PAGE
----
Written by Kimberly Green
Messy Marriage Team Member
December of 1999 found me in a local supermarket purchasing a significant amount of canned goods, gallons of water, boxes of powdered milk, and a significant supply of batteries. January 1st, 2000 at midnight, millions of computers all over the world would herald the apocalypse. We would be without food, water, fuel, and Taco Bell for weeks while the governments of the world tried to sort out the “Y2K Bug.”
Law enforcement was beefed up in Time Square as the the Ball dropped, counting down the last ten seconds of civilized society. There would surely be looting and violence in the streets as neighbor turned on neighbor for the last can of tuna.
… the Ball dropped, the lights stayed on, and America remained free and at least as civilized at 12:01am as they were at 11:59pm. The hysteria and tension were over, donations of powdered milk to food pantries were the highest in recorded history, AND it would be five years before I had to buy another C battery.
We become very tense when we perceive a threat to our comfortable status quo lifestyle.
I only want change in my life when I am bored or in significant enough pain I can’t fake my way through. When circumstances in my life begin to shift, I feel very insecure.
My thinking is that as long as I can “keep IT together,” I can control my environment and manage the feelings of my spouse and children until “the storm passes.” I tell myself that everything is okay and deny the actual effect the circumstance (and my tension) are really having on my family.
My husband had a job he enjoyed. He felt confident in his work and trusted by his employer. The economy turned, and finding another job became a priority for him.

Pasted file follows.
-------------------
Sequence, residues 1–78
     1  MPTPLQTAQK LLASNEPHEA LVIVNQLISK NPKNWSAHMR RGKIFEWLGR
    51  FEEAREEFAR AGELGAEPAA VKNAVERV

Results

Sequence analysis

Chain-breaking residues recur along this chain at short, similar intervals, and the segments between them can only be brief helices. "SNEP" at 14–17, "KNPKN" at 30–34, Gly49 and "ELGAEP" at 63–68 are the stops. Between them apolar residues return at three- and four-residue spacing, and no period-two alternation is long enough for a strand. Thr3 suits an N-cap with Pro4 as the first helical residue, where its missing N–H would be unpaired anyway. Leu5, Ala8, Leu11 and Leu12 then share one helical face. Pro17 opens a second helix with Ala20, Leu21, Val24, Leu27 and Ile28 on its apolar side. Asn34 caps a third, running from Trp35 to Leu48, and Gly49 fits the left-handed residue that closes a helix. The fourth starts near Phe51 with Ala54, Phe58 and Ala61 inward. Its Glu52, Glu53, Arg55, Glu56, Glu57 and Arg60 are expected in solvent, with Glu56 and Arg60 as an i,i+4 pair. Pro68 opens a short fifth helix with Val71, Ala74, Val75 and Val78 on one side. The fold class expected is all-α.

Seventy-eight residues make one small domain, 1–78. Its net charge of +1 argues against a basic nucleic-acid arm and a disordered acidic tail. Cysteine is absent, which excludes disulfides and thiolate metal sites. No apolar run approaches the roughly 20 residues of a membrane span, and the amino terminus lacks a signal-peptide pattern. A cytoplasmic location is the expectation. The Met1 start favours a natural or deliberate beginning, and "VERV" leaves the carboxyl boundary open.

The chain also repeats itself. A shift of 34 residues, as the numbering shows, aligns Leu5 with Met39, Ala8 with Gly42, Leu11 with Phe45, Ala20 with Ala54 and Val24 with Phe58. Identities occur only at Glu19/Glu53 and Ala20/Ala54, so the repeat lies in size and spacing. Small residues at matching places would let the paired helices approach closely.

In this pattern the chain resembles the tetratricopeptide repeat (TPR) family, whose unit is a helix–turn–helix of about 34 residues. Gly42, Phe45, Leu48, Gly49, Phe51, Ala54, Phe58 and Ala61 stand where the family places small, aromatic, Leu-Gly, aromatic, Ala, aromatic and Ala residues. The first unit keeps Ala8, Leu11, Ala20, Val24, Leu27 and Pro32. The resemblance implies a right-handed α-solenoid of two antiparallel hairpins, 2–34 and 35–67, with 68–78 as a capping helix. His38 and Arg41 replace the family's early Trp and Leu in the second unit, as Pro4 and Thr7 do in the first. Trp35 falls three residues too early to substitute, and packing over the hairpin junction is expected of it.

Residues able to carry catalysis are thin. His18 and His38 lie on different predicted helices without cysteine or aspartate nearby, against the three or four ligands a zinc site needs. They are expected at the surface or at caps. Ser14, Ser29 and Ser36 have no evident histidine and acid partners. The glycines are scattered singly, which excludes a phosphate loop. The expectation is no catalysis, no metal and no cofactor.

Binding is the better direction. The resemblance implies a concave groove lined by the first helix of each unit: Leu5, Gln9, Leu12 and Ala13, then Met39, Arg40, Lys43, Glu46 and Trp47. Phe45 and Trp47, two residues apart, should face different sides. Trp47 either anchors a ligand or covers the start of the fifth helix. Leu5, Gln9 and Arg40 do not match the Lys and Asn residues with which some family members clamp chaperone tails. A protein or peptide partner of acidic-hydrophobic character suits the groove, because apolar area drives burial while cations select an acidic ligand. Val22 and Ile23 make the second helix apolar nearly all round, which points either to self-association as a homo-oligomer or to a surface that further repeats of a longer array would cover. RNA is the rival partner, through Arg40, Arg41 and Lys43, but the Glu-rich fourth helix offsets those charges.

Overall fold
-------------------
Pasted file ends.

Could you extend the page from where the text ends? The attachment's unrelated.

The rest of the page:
Preparing for the impending doom of change became a priority for me.
Wise planning for a possible period of unemployment or salary cut turned into paranoia. We were very fortunate, as he found a job before an inevitable lay off, but he was grieved. He grieved the decline of the business and the loss of co-workers who had become good friends.
The best way I knew how to encourage my husband was to deny his grief. My husband was sad, and my plastic smile cheerleading was NOT helping. I felt tense and insecure, but pretended I didn’t, which fed his and my childrens’ insecurities.
The lights had not gone out, and civilization had not ended, so I could still pretend everyone was okay. Life was still happening, but it was different, and …
I had to embrace the change and allow my husband to acknowledge his hurt or I would continue to make my family miserable.
My lack of faith in God communicated to my Beloved Spouse that I lacked faith in him. My denial had shut down the man I loved. I was worrying about hoarding batteries, instead of building up stores of confidence in those around me. Denying my own fears was not possible without denying theirs.
Programmers could not deal with the Y2K Bug by ignoring it. They established a foundation for their programs that allowed for a date of 01/01/2000.
Our marriage cannot be strengthened by ignoring emotions.
We need to establish a foundation that allows for times of grief and insecurity—to be “… rooted and established in love, so that we may grasp how high, how long, how wide and how deep is the Love of Christ, and to know this love which surpasses knowledge.”